What are you folks doing for life insurance?

Discussion in 'After Hours Lounge (Off Topic)' started by Drew Bethel, Jan 28, 2005.

  1. Drew Bethel

    Drew Bethel Screenwriter

    Joined:
    Nov 22, 1999
    Messages:
    1,210
    Likes Received:
    0
    We have an 8 month old daughter and plan to have another next year. I'm 38 and my wife's 30 and I'm insured for $500k through my employer since I make more...actually my wife is a full time graduate student for at least another year.

    The problem is premiums don't hold when you switch jobs. Are you guys doing life insurance via your company or externally.

    Also, aer you doing term life(10, 20, 30 year)? Your rationale?
     
  2. Ron-P

    Ron-P Producer

    Joined:
    Jul 25, 2000
    Messages:
    6,285
    Likes Received:
    0
    Real Name:
    Ron
    Both my wife and I have whole-life plans. Mine is through Northwestern Mutual and hers I cannot remember right now. We do not do any of the term-life plans.
     
  3. SethH

    SethH Cinematographer

    Joined:
    Dec 17, 2003
    Messages:
    2,867
    Likes Received:
    0
    Term life makes a lot more sense IF you invest the difference between whole and term.
     
  4. DaveF

    DaveF Moderator
    Moderator

    Joined:
    Mar 4, 2001
    Messages:
    17,247
    Likes Received:
    1,299
    Location:
    One Loudoun, Ashburn, VA
    Real Name:
    David Fischer
    I'm single, early 30's, and have no life insurance.
     
  5. Malcolm R

    Malcolm R Executive Producer

    Joined:
    Feb 8, 2002
    Messages:
    12,641
    Likes Received:
    548
    Real Name:
    Malcolm
    What DaveF said.

    Plus I'll be dead, so why would I need all that cash?
     
  6. mark alan

    mark alan Supporting Actor

    Joined:
    Nov 19, 2002
    Messages:
    620
    Likes Received:
    0
    I just bought a bunch of insurance. I did a 90/10 split of term (20 yr) and whole life. The whole life is a decent investment, as long as you keep it for 10+ years, and I wanted another investment vehicle.

    I got 20 year, because my kids will be gone in 20, and I won't have any reason to have as much insurance as I currently have.

    I went with Northwestern Mutual also.

    I would recommend that you get some insurance for your wife, even if she doesn't work. If something happens to her, you will be paying for a lot of things that she currently does. I got 40% of my level for my wife. Term insurance for a chick is really cheap.
     
  7. JonZ

    JonZ Lead Actor

    Joined:
    Dec 28, 1998
    Messages:
    7,795
    Likes Received:
    8
    I just got a Metlife policy for 120K. Its only like $18 a month.

    The main reason I got it is I commute on a road with crazy traffic and daily accidents, so you never know.
     
  8. Bob Graz

    Bob Graz Supporting Actor

    Joined:
    Sep 26, 2002
    Messages:
    798
    Likes Received:
    0
    I supplement my employers policy with a term policy. You are correct, having just a policy with your employer does pose a risk should you change or lose that job.
     
  9. Leila Dougan

    Leila Dougan Screenwriter

    Joined:
    Mar 27, 2002
    Messages:
    1,352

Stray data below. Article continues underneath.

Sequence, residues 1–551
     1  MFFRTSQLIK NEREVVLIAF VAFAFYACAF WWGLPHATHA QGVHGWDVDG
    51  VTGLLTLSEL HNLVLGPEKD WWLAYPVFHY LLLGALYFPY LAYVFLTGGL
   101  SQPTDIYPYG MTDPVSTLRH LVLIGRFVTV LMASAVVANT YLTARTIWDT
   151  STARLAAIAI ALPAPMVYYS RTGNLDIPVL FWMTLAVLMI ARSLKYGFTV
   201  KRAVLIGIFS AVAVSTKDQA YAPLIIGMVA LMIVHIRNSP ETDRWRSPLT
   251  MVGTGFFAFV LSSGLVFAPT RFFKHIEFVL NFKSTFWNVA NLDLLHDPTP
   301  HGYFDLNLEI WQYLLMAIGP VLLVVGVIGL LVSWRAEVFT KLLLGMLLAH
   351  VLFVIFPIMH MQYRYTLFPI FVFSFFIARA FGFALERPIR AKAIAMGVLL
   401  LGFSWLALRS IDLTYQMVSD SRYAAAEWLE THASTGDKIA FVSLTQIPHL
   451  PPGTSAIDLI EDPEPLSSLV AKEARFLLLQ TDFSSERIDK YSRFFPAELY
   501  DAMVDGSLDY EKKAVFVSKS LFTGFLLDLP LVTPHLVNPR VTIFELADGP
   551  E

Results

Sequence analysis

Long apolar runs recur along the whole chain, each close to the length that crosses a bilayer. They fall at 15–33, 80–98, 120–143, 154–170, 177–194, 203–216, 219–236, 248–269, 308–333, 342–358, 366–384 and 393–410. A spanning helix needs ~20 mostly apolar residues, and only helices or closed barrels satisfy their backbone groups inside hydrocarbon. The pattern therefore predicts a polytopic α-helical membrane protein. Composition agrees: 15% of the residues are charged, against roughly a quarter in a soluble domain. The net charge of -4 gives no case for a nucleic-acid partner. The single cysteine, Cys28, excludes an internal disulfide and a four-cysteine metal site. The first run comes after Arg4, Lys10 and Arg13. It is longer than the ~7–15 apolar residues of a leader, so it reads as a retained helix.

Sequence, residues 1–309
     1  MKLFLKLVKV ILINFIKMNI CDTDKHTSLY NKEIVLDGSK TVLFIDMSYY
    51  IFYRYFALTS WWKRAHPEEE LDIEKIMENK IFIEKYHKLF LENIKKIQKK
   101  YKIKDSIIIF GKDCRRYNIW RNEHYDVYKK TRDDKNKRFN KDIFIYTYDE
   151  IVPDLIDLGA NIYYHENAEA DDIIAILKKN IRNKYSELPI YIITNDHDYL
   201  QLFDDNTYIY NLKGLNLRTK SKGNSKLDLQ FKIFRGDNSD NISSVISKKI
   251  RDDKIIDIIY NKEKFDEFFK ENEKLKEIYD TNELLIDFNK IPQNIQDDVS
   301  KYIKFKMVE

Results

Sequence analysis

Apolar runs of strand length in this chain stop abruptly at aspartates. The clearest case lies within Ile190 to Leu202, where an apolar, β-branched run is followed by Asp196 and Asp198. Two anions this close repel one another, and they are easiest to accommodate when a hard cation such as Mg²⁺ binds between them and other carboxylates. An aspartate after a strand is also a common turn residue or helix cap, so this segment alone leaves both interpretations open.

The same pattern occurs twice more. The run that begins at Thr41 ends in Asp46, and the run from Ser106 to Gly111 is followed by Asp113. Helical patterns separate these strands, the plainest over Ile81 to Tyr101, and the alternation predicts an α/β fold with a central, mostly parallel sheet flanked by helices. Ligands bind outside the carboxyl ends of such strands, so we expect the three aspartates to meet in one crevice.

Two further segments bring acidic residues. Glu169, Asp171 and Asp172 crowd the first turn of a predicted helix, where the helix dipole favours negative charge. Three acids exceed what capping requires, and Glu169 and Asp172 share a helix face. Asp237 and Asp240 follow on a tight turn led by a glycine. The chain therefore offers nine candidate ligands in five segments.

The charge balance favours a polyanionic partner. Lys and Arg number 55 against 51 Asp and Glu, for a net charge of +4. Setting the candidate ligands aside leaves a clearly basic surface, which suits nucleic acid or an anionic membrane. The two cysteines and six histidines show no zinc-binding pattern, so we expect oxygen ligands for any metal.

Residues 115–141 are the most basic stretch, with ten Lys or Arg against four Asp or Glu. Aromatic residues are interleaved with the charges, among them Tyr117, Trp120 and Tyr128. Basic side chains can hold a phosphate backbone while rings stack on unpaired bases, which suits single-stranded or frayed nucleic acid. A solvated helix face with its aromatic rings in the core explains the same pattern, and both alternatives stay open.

Likes Received:
    0
    Neither my husband nor I have life insurance, but that's mainly because we both work and could support ourselves just fine should the other one pass away. But, since I have a baby on the way, getting life insurance is much more important now. We'll need to look into getting some very soon.

    Can anybody recommend any websites that do a fairly good job of explaining the different types of insurance? I have a vague understanding of the differences between term and whole, but I'd like to understand it better.
     
  10. LanieParker

    LanieParker Supporting Actor

    Joined:
    Apr 15, 2004
    Messages:
    735
    Likes Received:
    0
    Term life insurance doesn't make any sense, unless that is really all you can afford. Your best bet is to go with a universal life policy.

    Term insurance stops after 10,15 or 20 years. SO if you don't die in the time frame of your policy you get nothing and all that money is gone. It's cheaper, but not always the best option.

    With universal life, you build cash value and can take out money (after a certain point) without penalty. It doesn't stop after so many years like term but is more expensive.
     
  11. Al.Anderson

    Al.Anderson Cinematographer

    Joined:
    Jul 2, 2002
    Messages:
    2,526
    Likes Received:
    67
    Real Name:
    Al
    Term life is "pure" insurance - you pay so much each period for a set number of years. Should you die in that time you get the policy amount. When it expires, no money changes hands. But this necessarily bad; as you paid a small price for a service.

    Whole life mixes in a savings account. Some of what you pay goes to increase the "cash value" of your policy. You can borrow against your cash value; and the policy usually never expires. There are as many variations on this basic idea.

    The kicker is that whole life is generally 4-6 times as expensive. That's why Seth said that term can be a better option if you are disciplined enough to invest the difference in the premium amount of the two policies.

    I mixed it. I have 1/4 of what I need from my employer (term-like); 1/2 as a term policy; and another 1/4 as whole life. The reason for the term is that when the kids are old enough to be through college; there will be less reason for the insurance. The house will be paid and the whole life will pay for funeral expenses and such.
     
  12. Chris